The program is a flagship initiative funded by Australia’s Department of Foreign Affairs and Trade (DFAT) and managed by DFAT-appointed Managing CowaterSogema Int., Inc in the 2017-2021 period. The provincial people’s committees of Son La and Lao Cai are the program’s key counterparts. A Vice Chair of each committee is a member of a joint GREAT Steering Committee that approves the annual work plan and budget and meets formally every six months to discuss program progress.

There are now 15 signed agreements, totaling $8.94 million in co-investment from the private sector, for business opportunities for 40,000 women and 4,000 new jobs with a focus on ethnic minority women, engaging in agriculture and tourism markets in the two provinces.

Over five years, the GREAT Program aims to impact the lives of 10 per cent of the adult female populations in Son La and Lao Cai, such as: Increase self-reported confidence, enthusiasm, and self-esteem of 80 per cent of women beneficiaries (or 32,000 women beneficiaries); Increase the number of women leading or co-managing formal businesses by 15 per cent; Increase women’s profile and roles in policy, management, strategic decision-making, and resource allocation in the agriculture and tourism market sectors; Achieve measurable improvements in gender equity and roles and norms within the families of GREAT beneficiaries; Ensure that 80 per cent of agriculture and tourism stakeholders confirm that sector plans and strategies adequately address issues that are critical for inclusive sector growth; and
Contribute to significant progress in five or more provincial policies or guidelines in the agriculture and tourism sectors.

An Giang: Exports grow sharply in four months

The Mekong Delta province of An Giang posted a surge in exports between January and April, driven by rising demand for its staple products from many markets, according to the local Department of Industry and Trade.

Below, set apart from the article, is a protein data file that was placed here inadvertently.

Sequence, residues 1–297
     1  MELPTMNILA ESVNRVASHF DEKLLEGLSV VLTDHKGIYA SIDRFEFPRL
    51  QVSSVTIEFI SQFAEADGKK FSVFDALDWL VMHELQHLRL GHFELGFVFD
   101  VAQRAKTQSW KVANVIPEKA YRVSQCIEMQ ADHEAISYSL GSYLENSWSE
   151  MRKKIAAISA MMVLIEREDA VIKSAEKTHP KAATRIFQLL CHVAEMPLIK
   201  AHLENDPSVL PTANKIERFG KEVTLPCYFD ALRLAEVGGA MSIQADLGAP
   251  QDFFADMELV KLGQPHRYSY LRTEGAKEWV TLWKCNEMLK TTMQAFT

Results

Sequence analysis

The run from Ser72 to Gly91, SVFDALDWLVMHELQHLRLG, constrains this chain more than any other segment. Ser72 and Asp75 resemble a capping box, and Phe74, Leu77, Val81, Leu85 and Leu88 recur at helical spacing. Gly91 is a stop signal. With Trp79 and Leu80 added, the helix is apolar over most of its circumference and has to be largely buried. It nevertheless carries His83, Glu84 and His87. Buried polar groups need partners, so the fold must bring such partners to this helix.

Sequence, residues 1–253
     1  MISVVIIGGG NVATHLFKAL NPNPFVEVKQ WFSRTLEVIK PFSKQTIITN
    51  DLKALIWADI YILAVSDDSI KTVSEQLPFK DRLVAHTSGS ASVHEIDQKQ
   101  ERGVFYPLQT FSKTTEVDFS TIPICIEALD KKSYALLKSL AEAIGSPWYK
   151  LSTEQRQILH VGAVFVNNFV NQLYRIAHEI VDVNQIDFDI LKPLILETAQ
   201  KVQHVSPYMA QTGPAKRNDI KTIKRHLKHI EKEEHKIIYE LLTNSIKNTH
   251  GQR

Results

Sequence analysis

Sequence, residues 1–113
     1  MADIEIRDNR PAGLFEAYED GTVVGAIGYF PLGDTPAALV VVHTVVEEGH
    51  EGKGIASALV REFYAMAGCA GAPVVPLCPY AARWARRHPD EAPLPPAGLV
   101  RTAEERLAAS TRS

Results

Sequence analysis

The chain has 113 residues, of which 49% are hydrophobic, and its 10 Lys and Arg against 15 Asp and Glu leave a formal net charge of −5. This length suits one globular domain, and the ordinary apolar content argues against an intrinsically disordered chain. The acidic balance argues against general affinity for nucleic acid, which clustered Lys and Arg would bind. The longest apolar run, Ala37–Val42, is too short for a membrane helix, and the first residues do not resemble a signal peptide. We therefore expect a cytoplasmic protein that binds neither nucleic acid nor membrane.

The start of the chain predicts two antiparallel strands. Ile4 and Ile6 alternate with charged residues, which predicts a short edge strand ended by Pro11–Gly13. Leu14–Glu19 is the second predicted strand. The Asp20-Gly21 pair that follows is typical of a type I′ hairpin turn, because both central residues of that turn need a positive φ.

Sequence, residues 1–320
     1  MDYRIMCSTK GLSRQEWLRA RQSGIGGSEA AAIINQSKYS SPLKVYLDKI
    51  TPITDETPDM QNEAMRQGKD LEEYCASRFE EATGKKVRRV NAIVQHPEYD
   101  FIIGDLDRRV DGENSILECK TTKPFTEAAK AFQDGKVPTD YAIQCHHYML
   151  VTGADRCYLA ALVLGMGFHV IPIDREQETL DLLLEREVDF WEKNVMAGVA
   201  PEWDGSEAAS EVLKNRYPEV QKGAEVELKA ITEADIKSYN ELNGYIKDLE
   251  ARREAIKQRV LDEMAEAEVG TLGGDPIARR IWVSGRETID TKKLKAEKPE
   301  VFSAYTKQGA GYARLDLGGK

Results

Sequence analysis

Deputy Director of the department Doan Minh Triet said in the first four months of 2019, An Giang’s exports increased 21.56 percent from the same period last year to reach 284.4 million USD, including 72.61 million USD in April alone – up 1.59 percent month-on-month and 2.61 percent year-on-year respectively.

Surges were seen in the shipments of several key items such as aquatic products, rice, fruits, vegetables, garment-textiles, and footwear, he said, noting that many markets like those in Asia and Europe now have a growing demand for these products.

Local rice and frozen aquatic products have been shipped to 38 and 77 countries, respectively, with 84.67 percent and 53 percent of export quantities destined for Asian markets. Meanwhile, 23 countries, including 11 European ones, have imported fruits and vegetables from An Giang.

During the reviewed period, the province imported 49.37 million USD worth of items, up 16.13 percent against the previous year’s same time.

Triet said that with its nearly 100 km of both land and waterway border with Cambodia, An Giang has two international border gates, two national border gates, and some auxiliary ones. Economic activities via these ports of entry have generated positive outcomes, helping to promote development in the province as well as the Mekong Delta region.

In the four months, trade revenue via local border gates surpassed 1 billion USD, according to the Department of Industry and Trade.